Into the Great Unknown is the debut worship album from newcomers House of Peace. The band first gained some recognition for having their work featured in the film The Identical. The 11-track album clocks in at nearly 50 minutes, establishing itself as a rather meaty project.
The album kicks off with "Passover Lamb," a more upbeat song which largely recycles lyrics from traditional hymns and other worship songs. Nothing about it is distinguishing, which, unfortunately, is rather prophetic of the rest of the album. "Break the Bread" and "King of the Universe" are both slightly above-average worship songs, remaining catchy and devout while getting the job done.
"Let Us Be One" is a good song, pulling its source material from Galatians 3 ("there is no Jew, there is no Gentile / there is no slave, there is no free / all we have is eternity / let us be one as You are one"). It has a strong melody and powerful message, but from a lyrical standpoint, it doesn't fit together as well as could be hoped. "Praise Your Name Forever" is one of the best tracks on the album. It features an impressive array of vocal harmonies while remaining simple in a pure form of worship.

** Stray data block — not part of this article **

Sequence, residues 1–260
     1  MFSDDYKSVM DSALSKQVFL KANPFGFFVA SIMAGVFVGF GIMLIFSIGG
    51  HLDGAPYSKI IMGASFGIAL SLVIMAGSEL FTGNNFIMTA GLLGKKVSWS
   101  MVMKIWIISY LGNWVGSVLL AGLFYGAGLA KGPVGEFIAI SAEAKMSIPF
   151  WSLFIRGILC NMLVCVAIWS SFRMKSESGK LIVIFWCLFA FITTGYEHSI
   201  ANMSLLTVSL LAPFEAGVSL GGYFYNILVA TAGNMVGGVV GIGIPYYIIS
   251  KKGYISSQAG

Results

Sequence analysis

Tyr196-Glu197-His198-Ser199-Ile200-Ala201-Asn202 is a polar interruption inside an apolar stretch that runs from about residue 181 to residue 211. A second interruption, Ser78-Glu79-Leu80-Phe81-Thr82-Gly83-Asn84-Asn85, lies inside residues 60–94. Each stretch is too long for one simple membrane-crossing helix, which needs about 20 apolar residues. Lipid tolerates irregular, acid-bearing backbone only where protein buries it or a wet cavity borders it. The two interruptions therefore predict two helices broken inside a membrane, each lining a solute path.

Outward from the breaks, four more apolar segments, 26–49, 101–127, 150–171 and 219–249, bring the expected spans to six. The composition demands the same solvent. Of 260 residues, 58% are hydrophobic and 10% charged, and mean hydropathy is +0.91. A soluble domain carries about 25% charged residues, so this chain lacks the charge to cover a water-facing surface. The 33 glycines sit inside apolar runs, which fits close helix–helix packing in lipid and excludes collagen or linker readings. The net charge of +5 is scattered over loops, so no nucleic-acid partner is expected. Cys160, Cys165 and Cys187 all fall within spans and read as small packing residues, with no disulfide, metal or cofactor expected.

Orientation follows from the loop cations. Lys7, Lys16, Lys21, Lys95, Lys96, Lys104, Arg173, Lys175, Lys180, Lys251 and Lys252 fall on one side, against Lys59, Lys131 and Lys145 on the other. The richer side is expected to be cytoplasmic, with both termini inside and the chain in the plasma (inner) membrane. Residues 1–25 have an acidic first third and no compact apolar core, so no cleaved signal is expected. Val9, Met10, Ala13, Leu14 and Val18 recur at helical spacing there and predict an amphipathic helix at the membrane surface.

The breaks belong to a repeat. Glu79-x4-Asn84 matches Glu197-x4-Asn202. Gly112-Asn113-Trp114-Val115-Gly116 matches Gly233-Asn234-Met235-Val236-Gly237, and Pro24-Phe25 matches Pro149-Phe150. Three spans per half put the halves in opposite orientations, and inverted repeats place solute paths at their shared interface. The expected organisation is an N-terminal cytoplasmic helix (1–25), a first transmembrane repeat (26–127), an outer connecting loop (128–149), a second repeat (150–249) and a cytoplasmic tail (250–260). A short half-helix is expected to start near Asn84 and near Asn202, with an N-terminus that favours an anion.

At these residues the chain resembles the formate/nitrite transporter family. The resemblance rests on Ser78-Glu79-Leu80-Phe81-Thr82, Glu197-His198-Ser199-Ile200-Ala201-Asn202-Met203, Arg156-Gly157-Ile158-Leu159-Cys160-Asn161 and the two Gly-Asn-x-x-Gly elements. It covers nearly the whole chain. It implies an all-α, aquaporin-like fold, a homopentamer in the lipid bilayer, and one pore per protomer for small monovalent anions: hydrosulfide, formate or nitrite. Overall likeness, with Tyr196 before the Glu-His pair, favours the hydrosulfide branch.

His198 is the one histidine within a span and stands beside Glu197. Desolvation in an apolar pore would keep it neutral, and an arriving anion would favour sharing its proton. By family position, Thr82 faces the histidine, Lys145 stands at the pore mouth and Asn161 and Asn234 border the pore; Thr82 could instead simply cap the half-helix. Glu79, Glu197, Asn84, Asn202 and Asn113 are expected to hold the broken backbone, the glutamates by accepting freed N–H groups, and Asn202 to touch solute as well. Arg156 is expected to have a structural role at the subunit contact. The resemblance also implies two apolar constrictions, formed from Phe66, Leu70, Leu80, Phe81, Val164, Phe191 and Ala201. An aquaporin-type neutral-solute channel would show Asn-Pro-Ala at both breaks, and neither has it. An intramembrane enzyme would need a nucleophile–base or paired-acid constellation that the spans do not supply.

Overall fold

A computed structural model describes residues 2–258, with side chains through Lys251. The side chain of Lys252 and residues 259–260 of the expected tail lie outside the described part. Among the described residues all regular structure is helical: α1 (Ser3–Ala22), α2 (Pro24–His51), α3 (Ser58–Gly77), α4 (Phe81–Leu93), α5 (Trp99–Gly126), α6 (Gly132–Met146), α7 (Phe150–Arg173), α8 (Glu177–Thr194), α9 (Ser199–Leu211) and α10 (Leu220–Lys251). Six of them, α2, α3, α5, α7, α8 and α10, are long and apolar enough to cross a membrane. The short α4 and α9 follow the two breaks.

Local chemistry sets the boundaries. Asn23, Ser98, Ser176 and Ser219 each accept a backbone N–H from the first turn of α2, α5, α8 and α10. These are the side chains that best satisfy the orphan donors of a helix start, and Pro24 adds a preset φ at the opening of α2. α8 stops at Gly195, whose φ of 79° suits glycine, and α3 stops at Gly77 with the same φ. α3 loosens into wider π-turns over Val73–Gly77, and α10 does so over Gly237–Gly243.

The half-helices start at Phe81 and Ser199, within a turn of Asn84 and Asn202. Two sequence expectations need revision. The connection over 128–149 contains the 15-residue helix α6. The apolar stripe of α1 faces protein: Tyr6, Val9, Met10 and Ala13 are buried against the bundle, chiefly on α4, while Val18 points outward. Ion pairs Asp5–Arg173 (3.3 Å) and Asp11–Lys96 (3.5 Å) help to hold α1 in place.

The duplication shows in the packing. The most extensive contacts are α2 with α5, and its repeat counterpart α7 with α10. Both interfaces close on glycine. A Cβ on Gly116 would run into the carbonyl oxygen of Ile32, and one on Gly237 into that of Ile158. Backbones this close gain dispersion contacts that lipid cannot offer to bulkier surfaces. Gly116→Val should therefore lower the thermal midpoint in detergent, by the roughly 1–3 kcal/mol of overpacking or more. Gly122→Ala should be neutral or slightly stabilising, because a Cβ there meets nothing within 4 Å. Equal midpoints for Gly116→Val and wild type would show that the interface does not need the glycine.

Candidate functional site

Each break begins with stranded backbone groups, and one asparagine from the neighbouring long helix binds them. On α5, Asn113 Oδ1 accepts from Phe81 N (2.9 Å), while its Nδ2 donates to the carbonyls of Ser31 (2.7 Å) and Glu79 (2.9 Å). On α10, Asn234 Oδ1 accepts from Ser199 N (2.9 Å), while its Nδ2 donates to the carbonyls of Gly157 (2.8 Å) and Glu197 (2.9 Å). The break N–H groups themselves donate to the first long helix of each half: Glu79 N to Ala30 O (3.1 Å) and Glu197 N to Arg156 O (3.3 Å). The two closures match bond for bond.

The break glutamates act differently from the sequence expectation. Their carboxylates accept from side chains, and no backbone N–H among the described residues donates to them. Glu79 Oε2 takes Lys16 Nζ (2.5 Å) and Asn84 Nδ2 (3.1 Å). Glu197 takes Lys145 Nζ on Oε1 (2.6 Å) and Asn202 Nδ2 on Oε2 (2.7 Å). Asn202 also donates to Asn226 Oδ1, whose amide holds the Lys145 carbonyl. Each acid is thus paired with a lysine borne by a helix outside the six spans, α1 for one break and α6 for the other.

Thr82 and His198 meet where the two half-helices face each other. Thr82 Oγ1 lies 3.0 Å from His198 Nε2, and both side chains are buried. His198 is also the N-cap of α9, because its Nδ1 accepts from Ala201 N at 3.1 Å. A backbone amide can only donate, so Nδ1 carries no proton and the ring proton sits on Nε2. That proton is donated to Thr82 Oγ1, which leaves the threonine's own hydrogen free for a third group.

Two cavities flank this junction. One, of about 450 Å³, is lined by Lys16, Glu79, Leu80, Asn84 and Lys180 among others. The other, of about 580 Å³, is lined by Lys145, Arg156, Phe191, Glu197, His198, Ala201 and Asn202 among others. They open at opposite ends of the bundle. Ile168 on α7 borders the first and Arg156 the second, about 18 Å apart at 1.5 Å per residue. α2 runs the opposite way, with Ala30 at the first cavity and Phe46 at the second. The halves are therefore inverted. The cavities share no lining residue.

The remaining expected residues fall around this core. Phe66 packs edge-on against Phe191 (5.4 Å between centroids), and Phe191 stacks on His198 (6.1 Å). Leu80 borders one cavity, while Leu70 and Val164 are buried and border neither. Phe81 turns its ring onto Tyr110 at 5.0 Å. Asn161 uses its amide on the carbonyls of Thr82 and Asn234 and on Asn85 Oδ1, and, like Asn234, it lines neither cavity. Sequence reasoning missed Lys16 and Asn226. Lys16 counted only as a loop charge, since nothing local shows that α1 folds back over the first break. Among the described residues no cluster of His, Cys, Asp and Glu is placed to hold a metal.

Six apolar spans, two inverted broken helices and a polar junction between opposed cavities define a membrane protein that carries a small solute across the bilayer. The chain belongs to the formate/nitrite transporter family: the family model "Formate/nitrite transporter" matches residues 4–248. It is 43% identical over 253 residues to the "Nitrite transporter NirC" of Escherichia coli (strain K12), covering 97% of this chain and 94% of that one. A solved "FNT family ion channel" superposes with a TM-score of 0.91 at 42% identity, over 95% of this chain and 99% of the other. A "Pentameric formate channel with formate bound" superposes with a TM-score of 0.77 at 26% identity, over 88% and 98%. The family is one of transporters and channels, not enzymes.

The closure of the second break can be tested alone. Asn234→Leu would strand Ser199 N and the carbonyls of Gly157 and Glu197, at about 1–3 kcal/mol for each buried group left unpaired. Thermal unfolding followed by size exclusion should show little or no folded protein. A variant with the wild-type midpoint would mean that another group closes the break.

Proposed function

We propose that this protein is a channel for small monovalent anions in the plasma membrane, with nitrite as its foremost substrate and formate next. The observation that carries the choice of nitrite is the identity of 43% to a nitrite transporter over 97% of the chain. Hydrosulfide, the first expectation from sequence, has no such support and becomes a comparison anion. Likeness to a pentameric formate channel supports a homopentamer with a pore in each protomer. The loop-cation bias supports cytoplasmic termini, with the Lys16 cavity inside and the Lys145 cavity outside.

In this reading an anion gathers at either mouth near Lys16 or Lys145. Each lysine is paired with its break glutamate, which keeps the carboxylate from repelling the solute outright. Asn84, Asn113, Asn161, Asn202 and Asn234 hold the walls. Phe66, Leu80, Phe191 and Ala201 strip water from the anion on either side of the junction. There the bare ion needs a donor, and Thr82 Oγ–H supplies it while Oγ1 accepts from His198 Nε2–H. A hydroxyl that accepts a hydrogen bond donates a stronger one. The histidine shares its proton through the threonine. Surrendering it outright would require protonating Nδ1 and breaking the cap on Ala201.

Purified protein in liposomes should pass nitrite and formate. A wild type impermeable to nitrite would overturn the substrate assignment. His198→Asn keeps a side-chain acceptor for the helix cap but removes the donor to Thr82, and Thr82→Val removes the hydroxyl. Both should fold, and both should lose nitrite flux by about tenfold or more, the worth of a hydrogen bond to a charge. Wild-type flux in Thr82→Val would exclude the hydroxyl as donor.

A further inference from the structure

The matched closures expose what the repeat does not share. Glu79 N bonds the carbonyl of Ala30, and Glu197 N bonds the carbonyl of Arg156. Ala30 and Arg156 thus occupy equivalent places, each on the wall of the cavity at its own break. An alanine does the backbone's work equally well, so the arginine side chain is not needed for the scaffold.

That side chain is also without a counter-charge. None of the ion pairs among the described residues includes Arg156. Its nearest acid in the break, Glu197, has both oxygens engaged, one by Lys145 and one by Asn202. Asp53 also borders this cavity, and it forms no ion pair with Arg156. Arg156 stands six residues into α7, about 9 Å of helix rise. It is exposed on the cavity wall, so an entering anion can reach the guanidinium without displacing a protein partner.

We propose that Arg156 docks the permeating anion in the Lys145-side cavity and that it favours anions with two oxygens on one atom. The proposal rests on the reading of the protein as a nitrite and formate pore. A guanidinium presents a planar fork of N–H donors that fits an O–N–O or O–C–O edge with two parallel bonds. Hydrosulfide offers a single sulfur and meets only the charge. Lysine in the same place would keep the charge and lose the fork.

From a personal standpoint, I connected with "Rejoice" and thought it to be a good standard for the worship industry. The lyrics are simple ("when trouble comes and trials rise / I will look through your eyes / when problems seem like they never cease / I will pray and get on my knees / I will praise the Lord always / rejoice, rejoice, rejoice") but flow well with the melodic vibe and rhythm. The album closes with "One Child," an orchestrated score which is definitively the best track on Into the Great Unknown. It is, simply put, a beautiful and quality piece of work.
At the end of the day, Into the Great Unknown is a good album, but there's nothing particularly special or unique about the project. The musicianship, while competent, fails to compensate for the somewhat generic overtones. Most of the melodic and lyrical structures feel a little bit too similar to other worship or CCM bands. In context, though, the market has been inundated in recent years with uniformity run so rampant that the bits of originality found here need to be praised. A few good songs make this album worth listening to, but don't provide enough support to pull Into the Great Unknown out of mediocrity.- Review date: 5/29/15, written by David Craft of Jesusfreakhideout.com
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